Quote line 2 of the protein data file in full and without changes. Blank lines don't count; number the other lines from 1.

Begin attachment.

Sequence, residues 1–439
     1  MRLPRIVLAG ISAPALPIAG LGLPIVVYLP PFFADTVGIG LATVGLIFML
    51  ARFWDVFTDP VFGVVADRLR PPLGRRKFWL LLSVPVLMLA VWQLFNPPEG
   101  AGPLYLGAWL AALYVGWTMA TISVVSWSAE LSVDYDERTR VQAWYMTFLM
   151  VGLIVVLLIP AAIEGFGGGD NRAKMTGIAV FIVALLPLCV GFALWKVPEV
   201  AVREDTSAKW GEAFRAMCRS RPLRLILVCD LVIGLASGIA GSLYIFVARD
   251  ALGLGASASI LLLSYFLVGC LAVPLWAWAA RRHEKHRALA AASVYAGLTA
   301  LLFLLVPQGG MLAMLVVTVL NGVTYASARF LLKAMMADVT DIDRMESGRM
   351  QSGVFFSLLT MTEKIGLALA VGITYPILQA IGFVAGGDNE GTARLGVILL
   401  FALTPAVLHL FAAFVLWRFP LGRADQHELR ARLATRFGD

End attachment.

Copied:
     1  MRLPRIVLAG ISAPALPIAG LGLPIVVYLP PFFADTVGIG LATVGLIFML